Facebook tells advertisers it has underestimated ad performance by around 15% since iOS 14.5 privacy update
A Facebook blog post aimed at its advertising partners reveals that the social media giant has underestimated the performance of iOS ads by around 15% in total since deploying the major privacy update to the system. Apple’s mobile operation in late April.
Facebook says the gap is attributed to “real-world conversions” such as sales and app installs, although the company says the trend applies to “many” but not all of its advertisers. The blog post also reiterated a projection made during the company’s July earnings call, anticipating that the privacy update would hurt ad performance more in the third quarter of the year than in the second.
Stronger-than-expected Facebook ad performance on iOS devices
Facebook says the better-than-expected ad performance is in line with what it has heard from partners about their campaigns, although there has been a lot of criticism of ad performance and negative sentiment about the new terms on iOS.
The main reason for the pessimism was the long-awaited privacy update in iOS 14.5, which became available on April 26. As Apple had warned since 2020, apps that use ad tracking must now notify users (during initial downloads or updates) and obtain their consent without denying access or limiting functionality for those who deny. .
The privacy update was expected to wipe out more than half of the iOS ad tracking market virtually overnight, and various studies and surveys since then indicate that 70 to 90 percent of users choose to opt out. However, the privacy update only applies to those who have updated to iOS 14.5 or later. Apple phone and tablet users have the option to turn off automatic software updates (as well as cancel automatically initiated updates), and devices prior to the iPhone 6s are not eligible for the update. updated to iOS 14. A June report from Apple Insider found that 85% of compatible devices updated to iOS 14, but did not have more detailed information on updates to 14.5.
While advertisers will likely be happy to hear that the ad performance is (maybe) better than expected, they are unlikely to appreciate the inaccuracy on this scale as the privacy update has made advertising on iOS more expensive and added a few layers of difficulty to the process. . Facebook shares have fallen in recent weeks, mainly due to a weak retail sales report for the end of the summer and a wider negative impact on ad revenue.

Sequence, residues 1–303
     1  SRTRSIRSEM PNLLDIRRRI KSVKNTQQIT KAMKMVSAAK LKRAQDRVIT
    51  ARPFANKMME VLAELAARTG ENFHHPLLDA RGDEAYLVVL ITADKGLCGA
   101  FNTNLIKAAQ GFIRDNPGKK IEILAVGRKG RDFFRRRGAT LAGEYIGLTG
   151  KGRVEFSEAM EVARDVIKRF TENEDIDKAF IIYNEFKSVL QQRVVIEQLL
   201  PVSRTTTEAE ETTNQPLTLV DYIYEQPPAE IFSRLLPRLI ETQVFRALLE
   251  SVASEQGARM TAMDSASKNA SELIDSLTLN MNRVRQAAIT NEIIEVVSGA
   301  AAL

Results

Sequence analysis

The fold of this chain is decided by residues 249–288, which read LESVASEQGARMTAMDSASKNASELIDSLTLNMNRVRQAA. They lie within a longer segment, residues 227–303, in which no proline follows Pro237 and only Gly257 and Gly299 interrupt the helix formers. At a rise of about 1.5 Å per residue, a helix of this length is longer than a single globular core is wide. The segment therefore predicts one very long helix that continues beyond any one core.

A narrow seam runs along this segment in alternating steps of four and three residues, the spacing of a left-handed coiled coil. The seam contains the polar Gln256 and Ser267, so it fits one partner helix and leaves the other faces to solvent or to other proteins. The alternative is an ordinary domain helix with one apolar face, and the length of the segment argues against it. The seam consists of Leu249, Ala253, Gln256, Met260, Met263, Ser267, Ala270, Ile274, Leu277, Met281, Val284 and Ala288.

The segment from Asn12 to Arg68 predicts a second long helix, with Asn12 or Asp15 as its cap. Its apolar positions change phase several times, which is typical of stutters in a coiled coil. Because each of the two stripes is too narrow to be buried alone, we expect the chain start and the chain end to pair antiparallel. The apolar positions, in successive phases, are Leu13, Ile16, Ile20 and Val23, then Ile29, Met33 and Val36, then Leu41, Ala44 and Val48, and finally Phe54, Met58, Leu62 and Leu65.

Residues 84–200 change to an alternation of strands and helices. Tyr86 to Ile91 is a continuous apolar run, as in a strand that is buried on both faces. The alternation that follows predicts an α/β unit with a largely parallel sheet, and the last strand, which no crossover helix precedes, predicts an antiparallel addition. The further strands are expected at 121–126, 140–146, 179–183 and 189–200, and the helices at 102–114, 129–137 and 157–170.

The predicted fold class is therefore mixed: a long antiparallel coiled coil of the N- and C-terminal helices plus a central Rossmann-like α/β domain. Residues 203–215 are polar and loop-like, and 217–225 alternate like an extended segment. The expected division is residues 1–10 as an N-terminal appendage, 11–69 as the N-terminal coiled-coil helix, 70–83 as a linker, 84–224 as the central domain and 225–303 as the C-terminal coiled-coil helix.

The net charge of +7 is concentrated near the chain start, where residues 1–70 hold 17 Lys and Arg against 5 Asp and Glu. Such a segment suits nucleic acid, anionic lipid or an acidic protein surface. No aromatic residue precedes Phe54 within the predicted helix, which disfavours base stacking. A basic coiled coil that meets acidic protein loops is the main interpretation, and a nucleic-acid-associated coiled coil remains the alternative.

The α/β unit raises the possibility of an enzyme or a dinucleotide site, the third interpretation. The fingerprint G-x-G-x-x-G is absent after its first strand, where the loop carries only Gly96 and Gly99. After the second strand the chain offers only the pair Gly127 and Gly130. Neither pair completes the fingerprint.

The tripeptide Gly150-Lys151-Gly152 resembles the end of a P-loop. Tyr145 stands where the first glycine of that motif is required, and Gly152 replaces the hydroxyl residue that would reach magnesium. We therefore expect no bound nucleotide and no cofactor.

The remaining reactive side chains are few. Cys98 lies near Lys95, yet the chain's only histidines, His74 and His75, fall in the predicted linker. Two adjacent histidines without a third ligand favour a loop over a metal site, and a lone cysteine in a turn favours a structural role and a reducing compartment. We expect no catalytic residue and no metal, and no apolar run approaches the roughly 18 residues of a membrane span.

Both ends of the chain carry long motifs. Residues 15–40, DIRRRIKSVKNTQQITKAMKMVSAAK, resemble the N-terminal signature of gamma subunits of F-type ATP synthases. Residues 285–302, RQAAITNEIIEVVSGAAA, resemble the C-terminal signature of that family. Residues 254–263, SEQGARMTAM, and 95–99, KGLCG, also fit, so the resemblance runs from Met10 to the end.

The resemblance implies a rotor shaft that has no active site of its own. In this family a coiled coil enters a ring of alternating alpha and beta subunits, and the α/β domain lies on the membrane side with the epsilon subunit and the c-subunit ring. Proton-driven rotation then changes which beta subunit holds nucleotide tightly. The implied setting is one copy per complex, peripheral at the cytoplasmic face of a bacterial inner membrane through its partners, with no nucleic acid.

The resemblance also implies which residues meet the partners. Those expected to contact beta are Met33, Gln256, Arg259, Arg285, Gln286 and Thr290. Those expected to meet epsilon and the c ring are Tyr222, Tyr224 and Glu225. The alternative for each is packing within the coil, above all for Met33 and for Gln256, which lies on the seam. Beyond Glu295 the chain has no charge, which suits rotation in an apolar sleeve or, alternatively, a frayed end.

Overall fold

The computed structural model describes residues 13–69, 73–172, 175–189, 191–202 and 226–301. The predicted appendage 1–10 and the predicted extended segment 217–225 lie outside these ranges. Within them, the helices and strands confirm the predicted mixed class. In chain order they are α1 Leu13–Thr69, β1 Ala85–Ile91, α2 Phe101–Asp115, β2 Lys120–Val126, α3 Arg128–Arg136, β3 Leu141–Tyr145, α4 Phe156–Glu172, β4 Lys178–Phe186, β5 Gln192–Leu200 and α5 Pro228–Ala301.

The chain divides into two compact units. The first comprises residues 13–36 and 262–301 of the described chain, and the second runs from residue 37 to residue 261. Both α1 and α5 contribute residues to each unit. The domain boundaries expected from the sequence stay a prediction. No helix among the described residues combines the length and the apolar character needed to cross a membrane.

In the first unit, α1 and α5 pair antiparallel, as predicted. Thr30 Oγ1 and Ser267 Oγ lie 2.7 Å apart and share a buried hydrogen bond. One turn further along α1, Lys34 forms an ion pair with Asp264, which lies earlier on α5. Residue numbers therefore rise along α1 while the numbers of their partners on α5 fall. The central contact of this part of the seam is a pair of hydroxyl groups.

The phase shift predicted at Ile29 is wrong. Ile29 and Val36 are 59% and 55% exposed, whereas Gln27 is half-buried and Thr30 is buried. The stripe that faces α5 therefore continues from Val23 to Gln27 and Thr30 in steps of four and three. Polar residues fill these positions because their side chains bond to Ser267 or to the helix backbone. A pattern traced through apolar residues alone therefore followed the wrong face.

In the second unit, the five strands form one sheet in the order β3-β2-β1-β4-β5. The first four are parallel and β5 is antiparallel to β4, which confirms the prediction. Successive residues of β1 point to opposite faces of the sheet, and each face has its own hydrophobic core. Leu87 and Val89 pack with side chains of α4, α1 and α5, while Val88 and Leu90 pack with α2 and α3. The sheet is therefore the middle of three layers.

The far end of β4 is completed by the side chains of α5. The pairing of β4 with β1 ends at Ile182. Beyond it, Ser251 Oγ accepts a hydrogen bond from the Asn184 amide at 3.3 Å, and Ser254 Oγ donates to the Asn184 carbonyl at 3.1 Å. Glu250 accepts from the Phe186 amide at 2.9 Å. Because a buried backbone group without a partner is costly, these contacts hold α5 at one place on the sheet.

Apple’s privacy update sparked long-term feud with Facebook
While the digital marketing industry tends to be very opposed to Apple’s privacy update, Facebook has been the strongest and strongest opponent since the measure was announced. He has waged a war of words against Cupertino, including removing full-page newspaper ads, mainly claiming that the move will hurt small businesses that depend on targeted advertising to improve the functioning of their minimum advertising budgets. But Facebook was also forced to admit that the move has a disproportionate impact on its own revenue (via its personalized Audience Network advertising system). messaging services and direct it to Apple’s preloaded iMessage app.
Despite trying to get good news out of trouble, the Facebook blog post acknowledged that it is more difficult to measure the impact of Audience Network ad performance as a result of the privacy update. The company provided a few tips to its iOS advertisers, all of which essentially involved limiting what features they pay for or doing extra work: wait 72 hours to start measuring campaign impact, limit analytics to reporting at campaign level, configuring a particular API and web events, and even “taking into account” all other third-party measurement tools available.
Facebook did note some steps it was taking to remedy the situation, however, and suggested it would roll out new tools in the coming months to try to compensate for the changes brought by the iOS privacy update. Facebook says it’s improving conversion modeling, ramping up investments in metrics designed to fill reporting gaps, improving web tracking and other types of conversions, and devoting more resources to identifying and fast bug fixes.
In August, Facebook’s Graham Mudd also announced that the company was investing heavily in “privacy enhancing technologies” to apply to its ad network, a move most likely related to Apple’s privacy updates. One metric is an end-to-end, encrypted, multi-party computing model that appears to target concerns about hackers and unethical data brokers accessing more information than they should. Facebook also said it was experimenting with device learning and differential privacy techniques to further anonymize the data it collects and separate it from real identities.